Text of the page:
General vintage slot machine related topics.
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treefrog
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Re: Jennings Governor plating

Postby treefrog » Wed May 09, 2018 9:37 pm

Ashfords uses an automated email system, which is why you get these messages. I got three chasers for paying after paying two weeks earlier. You get a human when sending a query, sometimes.

I may use someone I know who prepares, polishes items for the platers to finish. He is near me and does mainly motor trade stuff. He also knows what to do with various metal types....we will see as from what I can see, every place has good and bad experiences. I personally would not pay £500 for a Jennings not knowing the outcome. I bought two Jennings Governors with good original chrome from the Elephant 3 years ago for £500 each...

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john t peterson
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Re: Jennings Governor plating

Postby john t peterson » Wed May 09, 2018 10:01 pm

There's no plate like chrome.
I bow at the knee of the master. !!HYSTERIA!!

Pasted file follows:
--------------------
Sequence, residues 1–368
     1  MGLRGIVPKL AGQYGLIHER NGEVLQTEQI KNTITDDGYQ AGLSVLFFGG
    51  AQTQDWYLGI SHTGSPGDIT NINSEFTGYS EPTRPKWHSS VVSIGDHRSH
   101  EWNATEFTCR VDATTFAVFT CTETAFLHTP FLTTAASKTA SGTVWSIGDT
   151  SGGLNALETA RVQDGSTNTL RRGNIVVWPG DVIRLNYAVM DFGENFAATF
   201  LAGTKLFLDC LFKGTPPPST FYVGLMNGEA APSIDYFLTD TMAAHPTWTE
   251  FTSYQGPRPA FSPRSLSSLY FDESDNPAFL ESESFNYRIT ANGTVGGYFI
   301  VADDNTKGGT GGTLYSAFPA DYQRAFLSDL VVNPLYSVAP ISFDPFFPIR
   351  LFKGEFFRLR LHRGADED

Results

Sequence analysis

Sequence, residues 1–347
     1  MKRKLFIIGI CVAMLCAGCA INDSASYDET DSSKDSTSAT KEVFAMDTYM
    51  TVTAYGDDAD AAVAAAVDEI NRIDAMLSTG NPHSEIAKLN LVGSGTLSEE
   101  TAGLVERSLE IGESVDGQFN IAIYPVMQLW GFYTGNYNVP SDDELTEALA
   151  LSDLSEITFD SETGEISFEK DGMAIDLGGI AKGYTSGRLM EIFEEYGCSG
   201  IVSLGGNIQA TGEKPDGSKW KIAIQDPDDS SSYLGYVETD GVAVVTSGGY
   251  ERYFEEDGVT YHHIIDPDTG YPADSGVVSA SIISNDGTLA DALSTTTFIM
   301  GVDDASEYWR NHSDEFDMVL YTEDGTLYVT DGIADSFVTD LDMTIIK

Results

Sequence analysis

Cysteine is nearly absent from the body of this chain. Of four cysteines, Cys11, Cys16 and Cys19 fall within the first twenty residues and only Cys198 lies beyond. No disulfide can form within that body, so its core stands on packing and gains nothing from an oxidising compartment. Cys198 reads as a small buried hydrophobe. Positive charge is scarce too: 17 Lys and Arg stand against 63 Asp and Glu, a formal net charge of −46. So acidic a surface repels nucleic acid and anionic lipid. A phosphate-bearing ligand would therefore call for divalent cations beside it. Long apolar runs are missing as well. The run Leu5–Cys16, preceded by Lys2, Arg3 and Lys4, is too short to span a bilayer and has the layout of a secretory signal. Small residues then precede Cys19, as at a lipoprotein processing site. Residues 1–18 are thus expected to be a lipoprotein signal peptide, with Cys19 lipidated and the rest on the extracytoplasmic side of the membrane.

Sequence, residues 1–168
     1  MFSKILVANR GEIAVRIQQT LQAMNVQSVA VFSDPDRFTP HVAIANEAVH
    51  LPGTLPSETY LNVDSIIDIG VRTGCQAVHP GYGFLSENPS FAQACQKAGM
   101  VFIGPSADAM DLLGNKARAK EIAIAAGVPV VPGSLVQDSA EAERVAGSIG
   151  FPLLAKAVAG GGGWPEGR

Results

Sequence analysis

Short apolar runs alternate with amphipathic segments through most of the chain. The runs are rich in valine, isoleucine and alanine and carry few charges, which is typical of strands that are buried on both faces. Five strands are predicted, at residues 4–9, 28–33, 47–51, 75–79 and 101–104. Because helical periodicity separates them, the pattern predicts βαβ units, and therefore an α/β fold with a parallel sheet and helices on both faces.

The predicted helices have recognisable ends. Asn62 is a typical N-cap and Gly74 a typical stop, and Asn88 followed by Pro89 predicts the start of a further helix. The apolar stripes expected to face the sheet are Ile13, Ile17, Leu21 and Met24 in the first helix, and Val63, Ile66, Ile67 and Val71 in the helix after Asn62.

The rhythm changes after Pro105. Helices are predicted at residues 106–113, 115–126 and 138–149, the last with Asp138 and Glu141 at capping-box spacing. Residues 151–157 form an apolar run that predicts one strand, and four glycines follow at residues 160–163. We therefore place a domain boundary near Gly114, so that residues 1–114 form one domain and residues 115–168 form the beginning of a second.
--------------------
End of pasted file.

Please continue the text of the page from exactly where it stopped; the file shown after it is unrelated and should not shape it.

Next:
J Peterson
Never so puny in America

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coppinpr
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Re: Jennings Governor plating

Postby coppinpr » Thu May 10, 2018 7:31 am

There's no plate like chrome.
how true..after all "chrome is where the heart is" :D

bugdust
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Re: Jennings Governor plating

Postby bugdust » Thu May 10, 2018 8:47 am

I accept what Treefrog says, in that, £500 is indeed a hefty sum to pay for re-chroming a Jennings (especially if you can acquire one in good condition for that sum!) but it remains ultimately a personal choice. In my case, the machine was obtained at a very low price due to the poor condition of the chrome and my course was always set to restore it to its former condition as much as possible. Personally, I've always found it a little sad that formerly beautiful pieces (be they Fruit Machines, Allwins or Vintage Triumphs for that matter!) are left in a poor and dilapidated state in the belief that any attempt to restore them will ruin their "Patina" (Which seems to have become a popular euphemism for sellers to positively describe the poor condition of their item in recent years!)